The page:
As a follow-up on yesterday’s post about visual sources for characterization — from writing character to “reading” it via inference — I’m following up today with similar resources for setting. Again, looking at setting is a great way to teach visual learners to write, especially if they are describing a scene for someone else who cannot see it. In the past, I’ve spoken to the art of applying grammar skills taught in mini-lessons via visuals, but you can also use it for creative writing, showing vs. telling, figurative language, and imaginative use of sensory details.
In addition, setting is valuable in literary analysis due to its influence on mood. The abstract words to describe mood are generated by the concrete objects in the visual.
Setting can be an extension of characterization as well. Think of Captain Ahab restlessly wandering the deck of the Pequod, gazing constantly into the horizon for signs of his nemesis, Moby Dick. Or what about Huck Finn lying on his raft, staring up at the stars, free from all adult supervision and censure? Windmills are almost synonymous with Don Quixote by now. His joust with the “4-armed monsters” defines him in our imaginations. Setting complements character, and students can readily see this on a personal level if asked to share how their bedroom defines them as a person.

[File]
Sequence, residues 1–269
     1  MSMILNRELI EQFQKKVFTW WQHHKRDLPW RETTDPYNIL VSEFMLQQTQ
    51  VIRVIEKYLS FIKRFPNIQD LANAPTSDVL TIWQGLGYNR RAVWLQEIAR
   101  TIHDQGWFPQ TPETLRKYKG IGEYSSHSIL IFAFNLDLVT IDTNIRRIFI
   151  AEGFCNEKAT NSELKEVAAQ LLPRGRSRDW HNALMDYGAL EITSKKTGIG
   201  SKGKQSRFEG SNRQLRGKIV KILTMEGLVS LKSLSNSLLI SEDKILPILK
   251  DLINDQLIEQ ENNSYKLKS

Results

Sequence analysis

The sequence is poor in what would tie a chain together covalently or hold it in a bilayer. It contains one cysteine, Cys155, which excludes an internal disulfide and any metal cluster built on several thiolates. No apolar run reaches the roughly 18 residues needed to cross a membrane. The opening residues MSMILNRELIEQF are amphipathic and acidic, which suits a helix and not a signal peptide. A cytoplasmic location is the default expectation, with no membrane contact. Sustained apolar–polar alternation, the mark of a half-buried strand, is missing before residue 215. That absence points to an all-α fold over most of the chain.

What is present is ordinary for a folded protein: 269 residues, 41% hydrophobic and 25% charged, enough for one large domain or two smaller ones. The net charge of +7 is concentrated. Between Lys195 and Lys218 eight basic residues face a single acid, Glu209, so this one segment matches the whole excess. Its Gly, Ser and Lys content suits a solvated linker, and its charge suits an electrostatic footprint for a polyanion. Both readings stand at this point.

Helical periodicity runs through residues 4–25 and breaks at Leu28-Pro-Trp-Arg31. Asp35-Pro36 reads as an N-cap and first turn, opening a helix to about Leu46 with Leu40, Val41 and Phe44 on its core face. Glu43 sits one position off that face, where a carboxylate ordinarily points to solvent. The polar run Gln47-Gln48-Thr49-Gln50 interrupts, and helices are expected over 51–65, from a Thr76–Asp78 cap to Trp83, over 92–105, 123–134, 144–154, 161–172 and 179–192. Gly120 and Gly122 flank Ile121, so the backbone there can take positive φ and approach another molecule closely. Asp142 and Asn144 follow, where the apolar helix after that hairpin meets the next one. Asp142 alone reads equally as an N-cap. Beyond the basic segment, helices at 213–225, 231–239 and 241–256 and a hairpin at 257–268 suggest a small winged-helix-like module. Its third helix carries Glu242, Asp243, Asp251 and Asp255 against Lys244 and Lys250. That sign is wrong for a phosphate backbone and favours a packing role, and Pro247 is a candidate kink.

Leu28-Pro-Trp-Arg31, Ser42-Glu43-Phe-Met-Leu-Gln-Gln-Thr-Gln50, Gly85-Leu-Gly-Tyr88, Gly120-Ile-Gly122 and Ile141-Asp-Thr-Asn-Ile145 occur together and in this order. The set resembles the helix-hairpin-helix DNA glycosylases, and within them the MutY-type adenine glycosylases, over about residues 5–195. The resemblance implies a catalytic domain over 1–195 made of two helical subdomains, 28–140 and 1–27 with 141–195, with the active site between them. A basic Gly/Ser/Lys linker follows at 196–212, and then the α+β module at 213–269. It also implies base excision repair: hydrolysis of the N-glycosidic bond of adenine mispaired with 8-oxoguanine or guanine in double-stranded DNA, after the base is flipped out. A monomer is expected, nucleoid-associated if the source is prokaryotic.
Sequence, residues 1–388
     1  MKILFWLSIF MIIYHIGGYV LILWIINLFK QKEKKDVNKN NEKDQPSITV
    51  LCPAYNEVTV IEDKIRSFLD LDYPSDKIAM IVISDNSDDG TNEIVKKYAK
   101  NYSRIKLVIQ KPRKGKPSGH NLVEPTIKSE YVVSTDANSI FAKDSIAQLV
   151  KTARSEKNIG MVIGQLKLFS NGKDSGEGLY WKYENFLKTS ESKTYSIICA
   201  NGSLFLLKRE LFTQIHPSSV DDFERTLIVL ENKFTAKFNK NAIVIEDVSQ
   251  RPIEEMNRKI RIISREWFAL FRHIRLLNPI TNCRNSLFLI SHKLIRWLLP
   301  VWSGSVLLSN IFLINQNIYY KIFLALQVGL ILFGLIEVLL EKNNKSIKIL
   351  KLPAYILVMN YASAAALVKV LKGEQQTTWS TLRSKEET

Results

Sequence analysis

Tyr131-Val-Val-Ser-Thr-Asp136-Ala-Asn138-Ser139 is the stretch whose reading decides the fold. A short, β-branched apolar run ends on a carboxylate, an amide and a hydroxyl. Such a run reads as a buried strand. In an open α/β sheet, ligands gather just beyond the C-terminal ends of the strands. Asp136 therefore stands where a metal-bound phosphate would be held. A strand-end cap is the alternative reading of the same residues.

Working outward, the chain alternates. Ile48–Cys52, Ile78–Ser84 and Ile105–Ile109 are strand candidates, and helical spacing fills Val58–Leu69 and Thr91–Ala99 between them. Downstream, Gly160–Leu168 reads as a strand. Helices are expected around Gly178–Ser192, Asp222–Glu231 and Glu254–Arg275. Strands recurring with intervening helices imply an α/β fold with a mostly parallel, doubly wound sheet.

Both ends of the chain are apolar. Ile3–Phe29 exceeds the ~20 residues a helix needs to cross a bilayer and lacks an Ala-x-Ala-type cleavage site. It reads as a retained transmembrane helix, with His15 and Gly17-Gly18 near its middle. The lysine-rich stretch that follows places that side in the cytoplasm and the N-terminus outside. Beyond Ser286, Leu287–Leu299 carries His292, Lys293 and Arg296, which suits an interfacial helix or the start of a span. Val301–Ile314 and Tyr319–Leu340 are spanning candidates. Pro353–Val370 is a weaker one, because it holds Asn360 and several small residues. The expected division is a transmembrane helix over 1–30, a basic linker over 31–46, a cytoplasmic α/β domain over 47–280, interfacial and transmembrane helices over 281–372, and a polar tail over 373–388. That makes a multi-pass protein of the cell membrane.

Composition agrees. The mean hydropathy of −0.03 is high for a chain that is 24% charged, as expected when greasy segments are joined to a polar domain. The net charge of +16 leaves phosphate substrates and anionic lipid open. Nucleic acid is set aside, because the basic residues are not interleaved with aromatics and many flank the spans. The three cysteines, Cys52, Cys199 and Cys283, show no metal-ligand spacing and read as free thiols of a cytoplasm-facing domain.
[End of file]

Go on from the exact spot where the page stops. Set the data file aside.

We can change up the character form slightly and make it work just fine, thank you, for setting:
- Dr. Zhivago (1965)
- A River Runs Through It (Only Need Watch First Few Minutes)
What’s interesting about setting is that opposite inferences can sometimes be justified. For instance, in Christina’s World, a painting of a woman with polio in a field far from a rural house, one student might find her frail figure, outreached hands, and windblown strands of hair hopeless. Another might see strength, resolve, and determination in the same observations. What’s important in cases like this is the constant linking of abstract inference word with concrete observation of the art. This is akin to giving textual evidence for claims made about literature. It’s a good habit to get into — as is the habit of being disciplined about identifying only what you can see (factual) before inferring what you cannot see (inferential).